Neo-Nazis and the Perussuomalaiset: Where do they and we draw the line?

by , under Enrique Tessieri

A year has elapsed after a Moroccan went on the rampage on August 18 and started attacking people indiscriminately with a knife in the southwestern city of Turku. Two people were killed and 10 were wounded. 

On the anniversary of the stabbing, which is seen by the authorities as Finland’s first modern terrorist attack, three far-right and neo-Nazi groups organized a march to commemorate the anniversary. Another group called Turku Without Nazis (Turku ilman natseja) organized a countermarch to protest the presence of the three far-right groups: Nordic Resistance Movement (Pohjoismainen vastarintaliike, PVL), Soldiers of Odin, and “188” or Nationalist Alliance (Kansallismielisten liittouma).

What went largely unnoticed by most of the Finnish media was the participation of an anti-immigration Perussuomalaiset (PS)* MP, Kike Elomaa, and two members of her party. All three took part in the demonstration organized by the far-right and neo-Nazi groups.

Some may rightfully ask why far-right groups have grown in this country and elsewhere. The answer to that question is simple: Far-right- and neo-Nazi-leaning parties like the PS have allowed them in places like parliament. 

PS MP Kike Elomaa and two party members taking part in the far-right and neo-Nazi demonstration in Turku on Saturday. Source: Ilta-Sanomat.

At the heart of the problem is also Finland’s difficulty in seeing and condemning far-right and neo-Nazi groups. 

As US political scientists Steven Levisky and Daniel Ziblatt stated in their analysis of President Trump’s administration, “The erosion of democracy takes place piecemeal, often in baby steps.”

Our blindness to the threat posed by far-right and neo-Nazi groups in Finland is a good example of how the erosion of our democracy is happening before our eyes and in baby steps.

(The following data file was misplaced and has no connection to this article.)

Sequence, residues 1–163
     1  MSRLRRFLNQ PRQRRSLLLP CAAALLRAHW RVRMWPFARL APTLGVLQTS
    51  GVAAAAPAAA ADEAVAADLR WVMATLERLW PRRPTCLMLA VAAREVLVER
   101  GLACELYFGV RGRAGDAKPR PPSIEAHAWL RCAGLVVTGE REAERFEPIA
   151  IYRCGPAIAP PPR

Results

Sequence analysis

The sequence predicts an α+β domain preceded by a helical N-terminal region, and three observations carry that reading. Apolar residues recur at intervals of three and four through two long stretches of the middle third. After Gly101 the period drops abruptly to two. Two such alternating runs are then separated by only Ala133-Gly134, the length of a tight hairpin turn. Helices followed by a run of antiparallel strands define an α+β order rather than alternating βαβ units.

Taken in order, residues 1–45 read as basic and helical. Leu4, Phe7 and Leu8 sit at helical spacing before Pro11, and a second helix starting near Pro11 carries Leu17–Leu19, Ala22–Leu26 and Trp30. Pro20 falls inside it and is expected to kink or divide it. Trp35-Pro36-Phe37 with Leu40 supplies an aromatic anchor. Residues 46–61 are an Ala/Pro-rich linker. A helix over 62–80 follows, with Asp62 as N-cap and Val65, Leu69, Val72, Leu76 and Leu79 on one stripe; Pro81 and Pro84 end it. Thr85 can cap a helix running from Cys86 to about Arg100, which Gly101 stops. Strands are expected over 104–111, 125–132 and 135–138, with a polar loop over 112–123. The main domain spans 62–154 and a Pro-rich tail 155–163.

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The silence of the politicians to such threats, especially that of the government of Prime Minister Juha Sipilä, is another problem promoting extremist groups. 

Even if far-right groups like to talk about free speech, their aim could not be further from the truth. Their aim is not more democracy but less of it. 

It is up to us to stand up and draw the line between us and far-right groups and neo-Nazis. If we do not do it, nobody else will do it for us. 

* The Perussuomalaiset (PS) party imploded on June 13 into two factions, the PS and New Alternative, which is now called Blue Reform. Despite the name changes, we believe that it is the same party in different clothing. Both factions are hostile to cultural diversity. One is more open about it while the other is more diplomatic.

A direct translation of Perussuomalaiset in English would be something like “basic” or “fundamental Finn.” Official translations of the Finnish name of the party, such as Finns Party or True Finns, promote in our opinion nativist nationalism and racism. We, therefore, at Migrant Tales prefer to use in our postings the Finnish name of the party once and after that the acronym PS.

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